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5.8-magnitude earthquake strikes Puerto Rico, damage reported

It was one of the strongest yet to hit the U.S. territory that has been shaking for the past week.
Broken trees outside the GFR Media building as Hurricane Maria sweeps through the area, in Guaynabo, Puerto Rico, Sept. 20, 2017. Now two years later, Puerto Rico has been hit with a 5.8-magnitude earthquake before dawn Monday, unleashing small landslides, causing power outages and severely cracking some homes.
Broken trees outside the GFR Media building as Hurricane Maria sweeps through the area, in Guaynabo, Puerto Rico, Sept. 20, 2017. Now two years later, Puerto Rico has been hit with a 5.8-magnitude earthquake before dawn Monday, unleashing small landslides, causing power outages and severely cracking some homes.
Published Jan. 6
Updated Jan. 6

SAN JUAN, Puerto Rico — A 5.8-magnitude quake hit Puerto Rico before dawn Monday, unleashing small landslides, causing power outages and severely cracking some homes. It was one of the strongest quakes yet to hit the U.S. territory that has been shaking for the past week.

The quake struck at 6:32 a.m. just south of the island at a relatively shallow depth of 6 miles, according to the U.S. Geological Service. There was no tsunami threat, officials said.

Power outages were reported in some parts of Puerto Rico following the quake, Angel Vazquez, emergency management director for the southern coastal city of Ponce, told The Associated Press.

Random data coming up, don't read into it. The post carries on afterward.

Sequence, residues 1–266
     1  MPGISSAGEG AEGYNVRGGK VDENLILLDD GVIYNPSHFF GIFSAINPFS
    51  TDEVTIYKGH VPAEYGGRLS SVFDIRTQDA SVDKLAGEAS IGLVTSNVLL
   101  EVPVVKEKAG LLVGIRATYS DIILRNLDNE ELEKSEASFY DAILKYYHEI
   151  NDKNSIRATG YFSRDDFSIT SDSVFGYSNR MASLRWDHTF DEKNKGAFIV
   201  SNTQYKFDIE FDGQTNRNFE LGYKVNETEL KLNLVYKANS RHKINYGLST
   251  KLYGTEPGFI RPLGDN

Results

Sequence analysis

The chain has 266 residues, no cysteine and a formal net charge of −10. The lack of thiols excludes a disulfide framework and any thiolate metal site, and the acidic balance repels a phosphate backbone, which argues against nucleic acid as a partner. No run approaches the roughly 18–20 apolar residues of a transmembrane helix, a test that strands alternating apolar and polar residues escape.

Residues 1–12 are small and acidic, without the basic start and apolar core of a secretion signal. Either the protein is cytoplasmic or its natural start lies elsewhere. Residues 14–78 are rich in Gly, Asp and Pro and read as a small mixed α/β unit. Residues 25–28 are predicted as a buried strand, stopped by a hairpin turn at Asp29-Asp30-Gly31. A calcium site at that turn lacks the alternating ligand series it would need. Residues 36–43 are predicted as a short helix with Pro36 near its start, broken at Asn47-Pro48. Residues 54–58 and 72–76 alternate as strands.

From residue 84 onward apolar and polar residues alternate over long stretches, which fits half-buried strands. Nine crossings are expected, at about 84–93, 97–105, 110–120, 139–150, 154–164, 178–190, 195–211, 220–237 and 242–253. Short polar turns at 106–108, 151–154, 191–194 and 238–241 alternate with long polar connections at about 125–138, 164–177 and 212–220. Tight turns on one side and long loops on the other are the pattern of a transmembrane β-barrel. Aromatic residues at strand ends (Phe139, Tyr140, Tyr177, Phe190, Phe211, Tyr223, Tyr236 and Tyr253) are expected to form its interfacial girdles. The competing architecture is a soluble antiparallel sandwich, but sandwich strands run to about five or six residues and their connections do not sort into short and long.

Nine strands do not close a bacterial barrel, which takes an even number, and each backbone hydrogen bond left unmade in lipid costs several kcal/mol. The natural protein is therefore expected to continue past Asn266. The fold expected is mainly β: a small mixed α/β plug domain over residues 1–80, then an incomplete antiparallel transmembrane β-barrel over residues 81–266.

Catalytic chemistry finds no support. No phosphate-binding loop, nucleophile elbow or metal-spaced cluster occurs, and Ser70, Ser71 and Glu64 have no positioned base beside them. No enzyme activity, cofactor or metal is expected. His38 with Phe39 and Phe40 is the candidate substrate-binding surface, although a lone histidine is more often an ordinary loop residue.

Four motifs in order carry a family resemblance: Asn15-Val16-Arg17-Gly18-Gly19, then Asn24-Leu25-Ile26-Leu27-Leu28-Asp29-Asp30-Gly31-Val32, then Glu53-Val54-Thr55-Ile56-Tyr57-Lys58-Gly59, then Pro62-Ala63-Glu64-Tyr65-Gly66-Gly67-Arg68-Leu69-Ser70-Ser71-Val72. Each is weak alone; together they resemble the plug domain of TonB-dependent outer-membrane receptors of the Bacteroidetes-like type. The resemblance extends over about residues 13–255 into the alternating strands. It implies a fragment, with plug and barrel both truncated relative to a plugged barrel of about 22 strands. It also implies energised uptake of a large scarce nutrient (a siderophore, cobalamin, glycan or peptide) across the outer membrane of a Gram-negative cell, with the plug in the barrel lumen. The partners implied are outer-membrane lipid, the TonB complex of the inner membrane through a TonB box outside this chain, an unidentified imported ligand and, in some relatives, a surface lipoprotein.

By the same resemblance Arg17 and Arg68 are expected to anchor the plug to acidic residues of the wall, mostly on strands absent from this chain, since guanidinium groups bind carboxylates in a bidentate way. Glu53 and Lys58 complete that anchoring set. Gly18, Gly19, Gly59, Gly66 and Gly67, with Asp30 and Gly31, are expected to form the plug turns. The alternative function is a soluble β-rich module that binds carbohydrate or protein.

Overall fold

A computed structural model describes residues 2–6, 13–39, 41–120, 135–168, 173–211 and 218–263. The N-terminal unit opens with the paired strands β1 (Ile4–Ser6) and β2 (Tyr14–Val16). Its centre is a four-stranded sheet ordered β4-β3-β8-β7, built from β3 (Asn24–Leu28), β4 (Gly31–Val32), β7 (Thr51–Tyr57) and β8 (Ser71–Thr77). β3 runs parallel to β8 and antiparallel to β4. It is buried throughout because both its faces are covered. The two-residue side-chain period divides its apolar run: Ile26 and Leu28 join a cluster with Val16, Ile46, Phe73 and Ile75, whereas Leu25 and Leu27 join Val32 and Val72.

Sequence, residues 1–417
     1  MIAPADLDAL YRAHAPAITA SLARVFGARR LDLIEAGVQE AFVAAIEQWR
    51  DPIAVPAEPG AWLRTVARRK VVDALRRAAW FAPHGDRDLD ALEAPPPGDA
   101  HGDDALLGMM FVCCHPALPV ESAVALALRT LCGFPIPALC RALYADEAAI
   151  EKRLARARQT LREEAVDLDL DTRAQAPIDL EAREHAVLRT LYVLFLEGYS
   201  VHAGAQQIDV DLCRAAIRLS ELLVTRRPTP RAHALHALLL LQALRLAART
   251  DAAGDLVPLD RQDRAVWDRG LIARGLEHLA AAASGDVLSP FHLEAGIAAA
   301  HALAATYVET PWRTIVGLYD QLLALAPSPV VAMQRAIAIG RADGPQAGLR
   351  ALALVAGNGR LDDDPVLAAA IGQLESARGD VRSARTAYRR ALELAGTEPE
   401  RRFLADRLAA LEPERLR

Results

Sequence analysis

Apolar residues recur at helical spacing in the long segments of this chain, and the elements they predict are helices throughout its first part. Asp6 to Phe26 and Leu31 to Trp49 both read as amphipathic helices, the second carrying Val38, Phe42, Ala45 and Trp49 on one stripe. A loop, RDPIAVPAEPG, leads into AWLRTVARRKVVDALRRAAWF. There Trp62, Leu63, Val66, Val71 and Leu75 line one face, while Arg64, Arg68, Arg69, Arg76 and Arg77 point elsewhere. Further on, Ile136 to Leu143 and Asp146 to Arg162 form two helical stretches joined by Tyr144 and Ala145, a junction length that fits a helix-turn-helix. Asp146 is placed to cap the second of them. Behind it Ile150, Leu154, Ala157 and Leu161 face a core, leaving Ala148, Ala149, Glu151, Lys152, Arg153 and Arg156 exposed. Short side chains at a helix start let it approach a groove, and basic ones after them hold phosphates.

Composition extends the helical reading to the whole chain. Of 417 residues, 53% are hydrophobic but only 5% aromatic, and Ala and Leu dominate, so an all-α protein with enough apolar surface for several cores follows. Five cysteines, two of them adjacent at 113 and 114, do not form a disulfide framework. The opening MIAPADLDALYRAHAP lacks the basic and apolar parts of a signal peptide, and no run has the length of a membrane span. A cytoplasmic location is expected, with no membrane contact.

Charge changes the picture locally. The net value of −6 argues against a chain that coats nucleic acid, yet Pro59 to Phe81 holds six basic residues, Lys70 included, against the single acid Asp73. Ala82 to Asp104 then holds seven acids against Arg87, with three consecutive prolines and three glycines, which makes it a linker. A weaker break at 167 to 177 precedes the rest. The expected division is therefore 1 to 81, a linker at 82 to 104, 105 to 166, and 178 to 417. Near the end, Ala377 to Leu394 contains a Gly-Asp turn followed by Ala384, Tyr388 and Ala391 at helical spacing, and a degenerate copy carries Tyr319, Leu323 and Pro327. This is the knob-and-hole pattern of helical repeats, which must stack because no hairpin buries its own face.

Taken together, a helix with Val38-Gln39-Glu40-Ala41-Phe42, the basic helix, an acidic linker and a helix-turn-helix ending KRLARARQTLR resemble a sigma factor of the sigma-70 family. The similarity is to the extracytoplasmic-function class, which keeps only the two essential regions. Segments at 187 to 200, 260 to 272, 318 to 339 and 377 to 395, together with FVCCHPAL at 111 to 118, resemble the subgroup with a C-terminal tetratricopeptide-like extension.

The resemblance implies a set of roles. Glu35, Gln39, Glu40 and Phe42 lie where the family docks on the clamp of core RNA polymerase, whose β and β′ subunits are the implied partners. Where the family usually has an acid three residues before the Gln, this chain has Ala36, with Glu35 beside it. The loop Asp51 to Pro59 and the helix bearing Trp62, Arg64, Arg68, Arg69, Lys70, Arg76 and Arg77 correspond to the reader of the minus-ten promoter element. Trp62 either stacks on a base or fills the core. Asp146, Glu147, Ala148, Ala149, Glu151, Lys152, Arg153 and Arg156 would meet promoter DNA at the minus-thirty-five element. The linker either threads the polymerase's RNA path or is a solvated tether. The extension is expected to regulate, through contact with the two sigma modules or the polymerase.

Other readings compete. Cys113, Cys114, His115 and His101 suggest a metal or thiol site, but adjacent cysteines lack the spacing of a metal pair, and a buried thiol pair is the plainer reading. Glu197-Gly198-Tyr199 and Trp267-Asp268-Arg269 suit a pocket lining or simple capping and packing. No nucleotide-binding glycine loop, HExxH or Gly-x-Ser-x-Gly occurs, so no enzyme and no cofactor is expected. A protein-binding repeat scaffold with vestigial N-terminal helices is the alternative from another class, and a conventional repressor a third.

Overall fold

“This is one of the strongest quakes to date since it started shaking on Dec. 28,” he said. “It lasted a long time.”

Residents in southern coastal towns began posting pictures of partially collapsed homes and large boulders blocking roads as officials urged people to remain calm.

Dr. Sindia Alvarado, who lives in the southern coastal town of Penuelas, said she was petrified.

“My entire family woke up screaming,” she said. “I thought the house was going to crack in half.”

At a hotel in the southwest coastal town of Guanica, people panicked as they tried to flee in their cars, only to realize that large boulders were obstructing the only highway heading north to the capital of San Juan, attorney Jose Francisco Benitez told the AP.

“There was a state of panic,” he said. “There were even people in their underwear walking around the hotel.”

He said he and his girlfriend were in the room when the quake struck.

“I have never felt anything like this,” he said. “It was like a giant grabbed our room and shook it."

The flurry of quakes in Puerto Rico's southern region began the night of Dec. 28, with quakes ranging in magnitude from 4.7 to 5.1. Previous quakes of lesser magnitudes in recent days have cracked homes and led to goods falling off supermarket shelves.

Victor Huerfano, director of Puerto Rico's Seismic Network, told the AP that shallow quakes were occurring along three faults in Puerto Rico’s southwest region: Lajas Valley, Montalva Point and the Guayanilla Canyon. He said the quakes overall come as the North American plate and the Caribbean plate squeezes Puerto Rico, and that it was unclear when they would stop or if bigger quakes would occur.

One of the largest and most damaging earthquakes to hit Puerto Rico occurred in October 1918, when a 7.3-magnitude quake struck near the island’s northwest coast, unleashing a tsunami and killing 116 people.

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